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_DIAGASSERT(), noreturn attribute and static analysis
I've been trying out the clang static analyzer, recently, and as it
is, NetBSD assert.h definitions don't play well with static
analysis. Basically, the analyzer always predicts the opposite of the
assertion predicate whenever it comes across an assert() or
_DIAGASSERT() call that is actually compiled (with NDEBUG undefined or
with _DIAGNOSTIC defined, respectively), which is pretty bad.
As far as NetBSD is concerned, it all boils down to the __assert(),
__assert13(), __diagassert() and __diagassert13() routines not being
declared __dead in assert.h. However, __diagassert() and
__diagassert13() are not dead, actually; but they ought to be
considered dead as far as analysis is concerned. LLVM has a special
attribute for that, it's called analyzer_noreturn.
The point of my post is: I think we should be nice to LLVM. :) (And
besides, having the static analyzer not spout loads of false positives
on NetBSD code without having to use an alternate system header would
be nice too!)
My suggestion is to either support analyzer_noreturn through
a #define, say __terminal in constrast to __dead, in sys/cdefs.h, the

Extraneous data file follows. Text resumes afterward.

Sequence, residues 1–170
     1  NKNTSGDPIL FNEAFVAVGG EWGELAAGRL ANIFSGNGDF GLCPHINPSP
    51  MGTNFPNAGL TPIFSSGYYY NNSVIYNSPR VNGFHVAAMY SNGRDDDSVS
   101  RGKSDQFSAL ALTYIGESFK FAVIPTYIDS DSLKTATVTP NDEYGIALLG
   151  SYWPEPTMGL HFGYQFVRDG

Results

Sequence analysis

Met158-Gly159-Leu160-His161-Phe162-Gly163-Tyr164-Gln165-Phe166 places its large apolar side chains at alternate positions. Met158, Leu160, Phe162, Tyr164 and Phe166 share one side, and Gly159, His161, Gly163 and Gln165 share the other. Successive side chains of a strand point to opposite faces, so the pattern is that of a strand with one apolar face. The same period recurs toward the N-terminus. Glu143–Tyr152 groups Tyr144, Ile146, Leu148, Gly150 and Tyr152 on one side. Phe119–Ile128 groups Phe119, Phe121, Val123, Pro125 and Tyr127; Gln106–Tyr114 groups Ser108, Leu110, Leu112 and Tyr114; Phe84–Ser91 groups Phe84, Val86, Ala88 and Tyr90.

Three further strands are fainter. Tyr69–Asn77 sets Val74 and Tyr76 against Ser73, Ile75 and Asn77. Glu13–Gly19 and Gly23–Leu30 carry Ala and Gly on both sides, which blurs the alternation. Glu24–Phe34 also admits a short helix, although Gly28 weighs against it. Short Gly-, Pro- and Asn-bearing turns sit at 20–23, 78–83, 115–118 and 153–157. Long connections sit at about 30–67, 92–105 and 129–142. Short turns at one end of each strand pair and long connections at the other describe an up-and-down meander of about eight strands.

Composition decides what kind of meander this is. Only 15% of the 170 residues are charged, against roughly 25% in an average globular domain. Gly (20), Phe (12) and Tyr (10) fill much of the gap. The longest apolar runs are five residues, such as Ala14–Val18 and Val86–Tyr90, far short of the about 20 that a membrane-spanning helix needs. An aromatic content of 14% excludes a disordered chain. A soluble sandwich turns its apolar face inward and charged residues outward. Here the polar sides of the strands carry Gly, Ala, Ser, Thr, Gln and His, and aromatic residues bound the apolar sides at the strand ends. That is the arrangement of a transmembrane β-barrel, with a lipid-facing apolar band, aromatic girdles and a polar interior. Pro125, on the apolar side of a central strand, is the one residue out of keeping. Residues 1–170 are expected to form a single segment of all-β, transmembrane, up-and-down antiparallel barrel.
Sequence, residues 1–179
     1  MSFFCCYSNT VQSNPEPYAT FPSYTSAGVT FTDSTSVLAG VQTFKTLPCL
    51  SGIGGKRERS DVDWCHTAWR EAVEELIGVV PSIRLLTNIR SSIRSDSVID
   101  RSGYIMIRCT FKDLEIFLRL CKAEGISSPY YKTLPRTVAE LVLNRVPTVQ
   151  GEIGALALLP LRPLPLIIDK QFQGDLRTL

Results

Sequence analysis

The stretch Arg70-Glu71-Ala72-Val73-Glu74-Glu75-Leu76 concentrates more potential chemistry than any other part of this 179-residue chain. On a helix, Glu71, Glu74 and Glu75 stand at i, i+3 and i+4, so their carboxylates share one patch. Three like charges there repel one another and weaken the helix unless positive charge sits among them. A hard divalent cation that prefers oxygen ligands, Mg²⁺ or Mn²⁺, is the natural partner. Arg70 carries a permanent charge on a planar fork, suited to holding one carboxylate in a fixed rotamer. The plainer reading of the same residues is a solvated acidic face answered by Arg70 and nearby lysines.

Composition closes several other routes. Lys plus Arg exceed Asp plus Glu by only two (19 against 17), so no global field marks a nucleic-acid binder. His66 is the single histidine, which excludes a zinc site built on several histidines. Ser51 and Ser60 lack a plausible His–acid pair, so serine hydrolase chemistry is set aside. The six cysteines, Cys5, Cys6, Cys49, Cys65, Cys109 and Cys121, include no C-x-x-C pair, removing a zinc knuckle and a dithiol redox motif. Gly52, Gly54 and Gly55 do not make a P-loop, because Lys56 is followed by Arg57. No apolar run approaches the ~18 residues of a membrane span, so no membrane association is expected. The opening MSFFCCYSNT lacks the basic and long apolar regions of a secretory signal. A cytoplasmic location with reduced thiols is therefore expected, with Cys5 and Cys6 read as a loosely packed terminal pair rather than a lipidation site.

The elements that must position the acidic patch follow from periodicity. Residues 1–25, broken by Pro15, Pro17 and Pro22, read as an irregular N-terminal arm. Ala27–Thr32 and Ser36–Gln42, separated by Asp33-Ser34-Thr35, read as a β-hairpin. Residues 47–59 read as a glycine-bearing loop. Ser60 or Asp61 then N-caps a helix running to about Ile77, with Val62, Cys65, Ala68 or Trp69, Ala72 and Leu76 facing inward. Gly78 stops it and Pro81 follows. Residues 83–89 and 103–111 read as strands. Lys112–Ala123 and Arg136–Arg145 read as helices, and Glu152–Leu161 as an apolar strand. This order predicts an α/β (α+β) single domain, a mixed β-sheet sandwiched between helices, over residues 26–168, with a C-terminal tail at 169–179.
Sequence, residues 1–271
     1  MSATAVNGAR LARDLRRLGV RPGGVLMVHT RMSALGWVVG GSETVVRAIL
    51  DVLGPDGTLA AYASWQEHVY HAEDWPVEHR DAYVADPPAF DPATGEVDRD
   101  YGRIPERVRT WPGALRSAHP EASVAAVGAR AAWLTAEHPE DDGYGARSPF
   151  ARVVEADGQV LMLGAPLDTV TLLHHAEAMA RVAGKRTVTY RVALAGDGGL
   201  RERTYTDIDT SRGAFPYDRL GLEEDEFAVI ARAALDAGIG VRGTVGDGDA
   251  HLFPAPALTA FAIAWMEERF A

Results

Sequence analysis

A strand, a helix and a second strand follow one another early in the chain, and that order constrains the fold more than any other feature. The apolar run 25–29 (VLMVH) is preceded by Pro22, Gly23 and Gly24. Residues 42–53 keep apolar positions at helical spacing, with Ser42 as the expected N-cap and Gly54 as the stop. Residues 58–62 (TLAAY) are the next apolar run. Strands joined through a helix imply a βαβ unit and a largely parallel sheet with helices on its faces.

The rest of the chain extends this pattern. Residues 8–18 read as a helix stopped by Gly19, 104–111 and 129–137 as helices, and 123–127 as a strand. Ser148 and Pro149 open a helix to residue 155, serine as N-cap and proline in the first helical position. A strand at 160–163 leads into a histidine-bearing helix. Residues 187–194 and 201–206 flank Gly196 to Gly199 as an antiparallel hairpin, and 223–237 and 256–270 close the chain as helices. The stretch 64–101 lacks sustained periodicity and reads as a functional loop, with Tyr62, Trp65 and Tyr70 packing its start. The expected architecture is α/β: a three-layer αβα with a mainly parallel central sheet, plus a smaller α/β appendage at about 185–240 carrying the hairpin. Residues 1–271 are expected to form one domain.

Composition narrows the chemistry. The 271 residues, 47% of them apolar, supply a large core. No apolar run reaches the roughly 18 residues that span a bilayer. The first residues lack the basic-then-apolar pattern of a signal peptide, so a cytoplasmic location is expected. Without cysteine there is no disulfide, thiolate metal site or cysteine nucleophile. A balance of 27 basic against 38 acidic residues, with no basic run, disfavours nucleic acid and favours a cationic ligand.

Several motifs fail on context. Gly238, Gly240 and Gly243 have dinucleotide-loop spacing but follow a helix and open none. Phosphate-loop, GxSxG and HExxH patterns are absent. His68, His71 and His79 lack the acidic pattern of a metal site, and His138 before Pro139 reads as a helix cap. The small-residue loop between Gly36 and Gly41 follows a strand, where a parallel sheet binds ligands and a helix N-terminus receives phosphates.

same way we support other GCC-specific attributes, or conditionally
define __diagassert13() as __dead when, say, __lint__ is defined, and
have LLVM -D__lint__ when it does its analysis (which is actually not
quite straightforward, with their scripts as they are...).
The first solution would add something like this to sys/cdefs.h:
#define __has_feature(x) 0
#define __terminal __attribute__((analyzer_noreturn))
#define __terminal __dead
#endif /* !__terminal */
This also defines __terminal to __dead as a fallback, in case we want
to run another static analyzer on it, since given the current state of
static analysis, such mispredictions are bound to happen if we don't
flag these functions appropriately.
Anyway, I just thought I'd bring that to your attention. But maybe we
don't want to support anymore compilers/tools than we already do in
sys/cdefs.h or something. What do you think?
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